Max Friedlaender

Folk music
by popularity
BedenklichkeitenDie letzte HoseGedichte von Goethe in CompositionenHumoristische LiederNeue Meister-Lieder
Max Friedlaender (12 October 1852, Brieg/Brzeg, Province of Silesia, Prussia – 2 May 1934, Berlin) was a German bass singer, music editor, and musicologist. He specialized in German Lieder.
Friedlaender studied voice with well-known teachers Manuel Garcia in London and Julius Stockhausen in Frankfurt, both of the bel-canto school. From 1881 to 1883 the singer lived and worked at Frankfurt, moving to Berlin in 1883. He received a doctorate from the University of Rostock in 1894 with a dissertation on Franz Schubert and joined the music faculty at Berlin University in 1894.
Friedlaender emigrated to America in 1911 where he taught at Harvard University. He succeeded Rochus von Liliencron as general editor for a Book of National Songs for Men's Choirs first proposed by Kaiser Wilhelm II in 1906. In the 1920s, Friedlaender was closely involved in the formation of the Deutscher Volksliedarchiv (German folksong archive). The Nazi regime popularized the archive's work in keeping with its nationalist cultural policies – ironic given Friedlaender's Jewish heritage.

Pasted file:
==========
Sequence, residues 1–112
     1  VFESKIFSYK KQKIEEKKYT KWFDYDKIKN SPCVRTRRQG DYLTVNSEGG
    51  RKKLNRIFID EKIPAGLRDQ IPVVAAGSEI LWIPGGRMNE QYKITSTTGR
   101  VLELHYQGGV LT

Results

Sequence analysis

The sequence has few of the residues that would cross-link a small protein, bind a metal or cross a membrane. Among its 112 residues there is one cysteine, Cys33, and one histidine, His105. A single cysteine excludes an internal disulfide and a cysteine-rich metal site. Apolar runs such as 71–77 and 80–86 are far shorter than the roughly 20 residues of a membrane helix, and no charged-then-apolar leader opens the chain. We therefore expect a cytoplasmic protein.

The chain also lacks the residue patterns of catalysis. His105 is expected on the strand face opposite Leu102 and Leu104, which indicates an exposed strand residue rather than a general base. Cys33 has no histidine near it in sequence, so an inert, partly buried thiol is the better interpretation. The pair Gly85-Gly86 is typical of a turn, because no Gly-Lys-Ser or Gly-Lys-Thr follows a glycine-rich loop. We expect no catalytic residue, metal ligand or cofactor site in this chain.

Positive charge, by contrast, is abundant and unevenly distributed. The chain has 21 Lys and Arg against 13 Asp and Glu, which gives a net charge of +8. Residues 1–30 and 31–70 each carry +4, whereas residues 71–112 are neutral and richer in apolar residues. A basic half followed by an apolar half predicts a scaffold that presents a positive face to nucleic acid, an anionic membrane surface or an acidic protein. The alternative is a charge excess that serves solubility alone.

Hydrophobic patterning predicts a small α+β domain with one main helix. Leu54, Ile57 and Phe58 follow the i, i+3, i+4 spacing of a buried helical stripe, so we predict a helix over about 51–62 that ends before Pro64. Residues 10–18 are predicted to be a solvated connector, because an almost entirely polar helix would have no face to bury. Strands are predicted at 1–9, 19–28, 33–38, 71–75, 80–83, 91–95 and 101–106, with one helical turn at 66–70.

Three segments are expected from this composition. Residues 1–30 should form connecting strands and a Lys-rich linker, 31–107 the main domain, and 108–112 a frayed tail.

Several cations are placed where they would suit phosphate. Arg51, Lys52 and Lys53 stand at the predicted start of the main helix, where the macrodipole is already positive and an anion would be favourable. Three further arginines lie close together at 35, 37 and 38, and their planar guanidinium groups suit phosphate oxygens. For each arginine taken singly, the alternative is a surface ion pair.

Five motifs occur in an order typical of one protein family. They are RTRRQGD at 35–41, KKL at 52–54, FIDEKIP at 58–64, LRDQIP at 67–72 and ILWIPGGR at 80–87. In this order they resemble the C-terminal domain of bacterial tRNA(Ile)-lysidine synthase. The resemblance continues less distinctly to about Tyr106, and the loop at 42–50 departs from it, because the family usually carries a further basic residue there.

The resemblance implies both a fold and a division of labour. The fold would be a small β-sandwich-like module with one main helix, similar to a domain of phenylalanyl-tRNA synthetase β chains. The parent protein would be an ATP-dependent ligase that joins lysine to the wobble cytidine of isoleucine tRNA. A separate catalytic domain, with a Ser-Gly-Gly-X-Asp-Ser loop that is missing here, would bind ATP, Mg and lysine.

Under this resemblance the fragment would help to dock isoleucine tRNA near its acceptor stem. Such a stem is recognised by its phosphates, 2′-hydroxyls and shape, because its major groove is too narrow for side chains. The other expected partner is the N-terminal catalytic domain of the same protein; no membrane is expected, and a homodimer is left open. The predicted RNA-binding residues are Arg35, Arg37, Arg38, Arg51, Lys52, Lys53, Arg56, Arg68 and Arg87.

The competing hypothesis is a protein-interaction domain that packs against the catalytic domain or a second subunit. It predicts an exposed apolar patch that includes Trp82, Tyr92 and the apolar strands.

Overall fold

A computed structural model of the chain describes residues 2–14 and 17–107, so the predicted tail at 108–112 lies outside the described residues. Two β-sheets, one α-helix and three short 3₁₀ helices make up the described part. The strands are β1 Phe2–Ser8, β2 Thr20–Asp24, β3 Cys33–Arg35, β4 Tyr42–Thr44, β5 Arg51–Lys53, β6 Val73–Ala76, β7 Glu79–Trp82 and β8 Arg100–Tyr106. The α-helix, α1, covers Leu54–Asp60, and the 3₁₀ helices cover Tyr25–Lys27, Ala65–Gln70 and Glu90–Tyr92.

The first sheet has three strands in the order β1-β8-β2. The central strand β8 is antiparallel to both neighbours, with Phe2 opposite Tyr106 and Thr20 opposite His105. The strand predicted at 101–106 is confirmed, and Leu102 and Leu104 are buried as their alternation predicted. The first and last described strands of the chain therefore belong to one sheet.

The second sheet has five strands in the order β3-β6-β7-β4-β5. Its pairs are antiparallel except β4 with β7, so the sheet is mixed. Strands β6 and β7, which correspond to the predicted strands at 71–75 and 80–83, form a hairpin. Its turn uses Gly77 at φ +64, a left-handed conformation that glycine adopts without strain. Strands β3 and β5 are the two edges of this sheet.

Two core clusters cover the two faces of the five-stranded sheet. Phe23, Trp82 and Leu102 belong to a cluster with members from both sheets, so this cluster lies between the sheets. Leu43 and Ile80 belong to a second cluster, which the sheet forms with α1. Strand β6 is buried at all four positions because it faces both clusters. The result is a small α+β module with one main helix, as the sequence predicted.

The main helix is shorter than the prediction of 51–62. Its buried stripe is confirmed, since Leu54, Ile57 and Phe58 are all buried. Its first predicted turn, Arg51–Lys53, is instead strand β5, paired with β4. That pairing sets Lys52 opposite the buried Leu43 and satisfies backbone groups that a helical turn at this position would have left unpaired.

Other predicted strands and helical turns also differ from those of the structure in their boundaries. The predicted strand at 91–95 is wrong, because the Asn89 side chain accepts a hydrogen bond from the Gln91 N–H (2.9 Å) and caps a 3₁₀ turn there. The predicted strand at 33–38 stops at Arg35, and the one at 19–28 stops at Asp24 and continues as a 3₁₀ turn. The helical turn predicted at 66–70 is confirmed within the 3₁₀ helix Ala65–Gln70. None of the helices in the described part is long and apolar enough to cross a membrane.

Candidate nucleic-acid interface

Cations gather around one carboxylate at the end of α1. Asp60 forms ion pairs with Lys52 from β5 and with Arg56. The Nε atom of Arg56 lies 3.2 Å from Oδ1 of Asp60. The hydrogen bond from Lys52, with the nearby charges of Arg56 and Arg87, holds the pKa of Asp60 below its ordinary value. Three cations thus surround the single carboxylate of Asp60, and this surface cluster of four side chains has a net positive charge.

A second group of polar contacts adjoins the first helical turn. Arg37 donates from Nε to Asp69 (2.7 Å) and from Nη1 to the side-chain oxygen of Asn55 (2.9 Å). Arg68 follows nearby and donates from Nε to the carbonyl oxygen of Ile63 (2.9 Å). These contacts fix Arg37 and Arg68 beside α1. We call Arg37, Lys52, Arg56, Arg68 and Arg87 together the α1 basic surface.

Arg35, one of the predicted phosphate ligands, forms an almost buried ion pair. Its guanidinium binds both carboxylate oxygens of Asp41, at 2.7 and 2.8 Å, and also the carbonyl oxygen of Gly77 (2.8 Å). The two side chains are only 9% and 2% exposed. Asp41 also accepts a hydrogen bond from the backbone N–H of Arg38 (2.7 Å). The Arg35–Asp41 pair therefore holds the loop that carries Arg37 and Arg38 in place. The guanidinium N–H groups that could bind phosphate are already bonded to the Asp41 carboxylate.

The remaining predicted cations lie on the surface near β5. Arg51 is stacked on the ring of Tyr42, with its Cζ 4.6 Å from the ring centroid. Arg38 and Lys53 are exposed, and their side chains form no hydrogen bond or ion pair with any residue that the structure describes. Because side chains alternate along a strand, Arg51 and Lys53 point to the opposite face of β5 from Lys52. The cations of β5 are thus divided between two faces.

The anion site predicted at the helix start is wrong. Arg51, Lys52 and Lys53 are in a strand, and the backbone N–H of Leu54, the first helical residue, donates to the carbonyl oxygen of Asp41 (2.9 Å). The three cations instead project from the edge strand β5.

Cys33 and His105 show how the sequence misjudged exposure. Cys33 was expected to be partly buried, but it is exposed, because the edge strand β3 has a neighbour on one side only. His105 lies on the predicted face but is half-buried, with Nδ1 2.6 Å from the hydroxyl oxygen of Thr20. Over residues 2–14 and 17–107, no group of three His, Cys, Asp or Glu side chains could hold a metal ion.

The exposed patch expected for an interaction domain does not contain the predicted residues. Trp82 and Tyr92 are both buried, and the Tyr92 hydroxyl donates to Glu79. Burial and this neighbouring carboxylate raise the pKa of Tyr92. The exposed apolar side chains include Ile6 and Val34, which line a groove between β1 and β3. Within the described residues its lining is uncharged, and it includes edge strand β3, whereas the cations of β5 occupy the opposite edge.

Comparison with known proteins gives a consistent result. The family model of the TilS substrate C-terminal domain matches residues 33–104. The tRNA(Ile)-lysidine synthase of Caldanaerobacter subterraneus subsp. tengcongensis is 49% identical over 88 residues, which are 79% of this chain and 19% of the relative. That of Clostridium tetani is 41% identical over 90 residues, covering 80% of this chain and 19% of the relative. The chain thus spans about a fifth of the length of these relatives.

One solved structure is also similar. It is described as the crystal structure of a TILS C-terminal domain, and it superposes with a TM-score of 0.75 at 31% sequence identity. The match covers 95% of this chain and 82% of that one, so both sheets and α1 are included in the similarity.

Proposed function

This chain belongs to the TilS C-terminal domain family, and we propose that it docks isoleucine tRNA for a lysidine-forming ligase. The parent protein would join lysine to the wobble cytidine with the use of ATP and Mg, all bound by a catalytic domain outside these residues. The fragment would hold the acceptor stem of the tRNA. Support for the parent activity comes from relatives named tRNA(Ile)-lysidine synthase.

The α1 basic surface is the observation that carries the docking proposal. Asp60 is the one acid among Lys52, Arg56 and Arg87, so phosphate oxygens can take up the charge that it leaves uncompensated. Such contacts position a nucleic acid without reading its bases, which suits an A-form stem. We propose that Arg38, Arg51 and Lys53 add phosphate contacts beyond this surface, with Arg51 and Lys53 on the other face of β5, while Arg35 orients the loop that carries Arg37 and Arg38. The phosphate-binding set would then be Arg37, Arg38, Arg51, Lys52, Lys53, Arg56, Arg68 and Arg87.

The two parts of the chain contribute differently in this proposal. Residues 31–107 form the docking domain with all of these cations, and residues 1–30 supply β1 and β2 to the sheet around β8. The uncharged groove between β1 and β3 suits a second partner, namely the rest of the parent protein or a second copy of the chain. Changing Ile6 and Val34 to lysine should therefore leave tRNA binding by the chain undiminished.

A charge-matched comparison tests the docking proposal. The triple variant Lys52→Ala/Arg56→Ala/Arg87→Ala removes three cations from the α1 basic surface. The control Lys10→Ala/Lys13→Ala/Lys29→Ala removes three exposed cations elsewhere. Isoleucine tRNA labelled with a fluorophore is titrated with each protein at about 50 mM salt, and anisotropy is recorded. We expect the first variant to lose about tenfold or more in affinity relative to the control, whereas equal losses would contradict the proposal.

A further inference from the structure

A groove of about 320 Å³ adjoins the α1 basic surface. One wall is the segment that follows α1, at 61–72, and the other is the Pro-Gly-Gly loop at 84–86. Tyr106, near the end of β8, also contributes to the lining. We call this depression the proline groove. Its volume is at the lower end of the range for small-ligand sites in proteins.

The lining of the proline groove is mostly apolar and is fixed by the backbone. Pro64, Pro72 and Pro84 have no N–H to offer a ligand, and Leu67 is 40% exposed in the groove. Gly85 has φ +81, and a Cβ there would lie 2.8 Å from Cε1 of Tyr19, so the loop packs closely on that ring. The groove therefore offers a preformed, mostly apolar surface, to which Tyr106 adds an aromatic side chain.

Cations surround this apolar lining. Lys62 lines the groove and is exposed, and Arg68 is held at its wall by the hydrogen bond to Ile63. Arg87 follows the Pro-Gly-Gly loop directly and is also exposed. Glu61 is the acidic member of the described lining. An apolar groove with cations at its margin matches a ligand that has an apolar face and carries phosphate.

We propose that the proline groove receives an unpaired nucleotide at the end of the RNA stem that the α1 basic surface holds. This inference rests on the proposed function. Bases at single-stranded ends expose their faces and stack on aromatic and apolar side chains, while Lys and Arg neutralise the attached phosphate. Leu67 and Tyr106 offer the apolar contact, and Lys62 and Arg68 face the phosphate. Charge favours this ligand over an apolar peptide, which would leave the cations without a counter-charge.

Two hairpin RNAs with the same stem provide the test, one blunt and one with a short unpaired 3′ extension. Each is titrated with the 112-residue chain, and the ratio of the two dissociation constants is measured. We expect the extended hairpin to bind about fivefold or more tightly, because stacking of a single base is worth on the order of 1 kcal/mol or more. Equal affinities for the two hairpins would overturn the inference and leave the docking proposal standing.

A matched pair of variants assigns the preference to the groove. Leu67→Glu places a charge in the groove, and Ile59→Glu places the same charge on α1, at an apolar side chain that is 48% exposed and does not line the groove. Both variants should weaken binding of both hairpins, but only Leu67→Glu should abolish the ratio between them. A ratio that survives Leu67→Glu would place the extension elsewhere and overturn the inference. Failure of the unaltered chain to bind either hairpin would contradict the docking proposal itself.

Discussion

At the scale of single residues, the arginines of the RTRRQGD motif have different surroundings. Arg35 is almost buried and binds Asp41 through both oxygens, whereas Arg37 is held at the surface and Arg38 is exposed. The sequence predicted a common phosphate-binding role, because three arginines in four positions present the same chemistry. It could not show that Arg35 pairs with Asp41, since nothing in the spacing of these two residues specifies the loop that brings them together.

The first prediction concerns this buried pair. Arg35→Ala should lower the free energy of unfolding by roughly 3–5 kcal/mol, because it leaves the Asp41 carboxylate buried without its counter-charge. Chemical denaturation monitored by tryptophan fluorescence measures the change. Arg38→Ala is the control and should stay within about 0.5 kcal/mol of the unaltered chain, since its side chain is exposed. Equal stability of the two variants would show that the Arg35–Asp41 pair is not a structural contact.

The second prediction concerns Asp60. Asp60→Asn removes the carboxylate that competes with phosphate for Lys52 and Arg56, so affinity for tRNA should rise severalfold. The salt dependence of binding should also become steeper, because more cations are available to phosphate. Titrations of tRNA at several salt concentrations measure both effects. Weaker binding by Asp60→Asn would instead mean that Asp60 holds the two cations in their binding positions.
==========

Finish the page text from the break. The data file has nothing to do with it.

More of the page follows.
Friedlaender's edited several popular song anthologies for the Leipzig music publisher CF Peters including works by Robert Schumann, Felix Mendelssohn, Carl Loewe, Ludwig van Beethoven, seven volumes of Schubert songs, a collection of folk songs, and a "Choral Manual." Some of these editions are still in print today. In his researches, Friedlaender discovered several previously unknown songs by Schubert. His magnum opus is a two-volume study of German song in the 18th century (Cotta, Stuttgart 1902).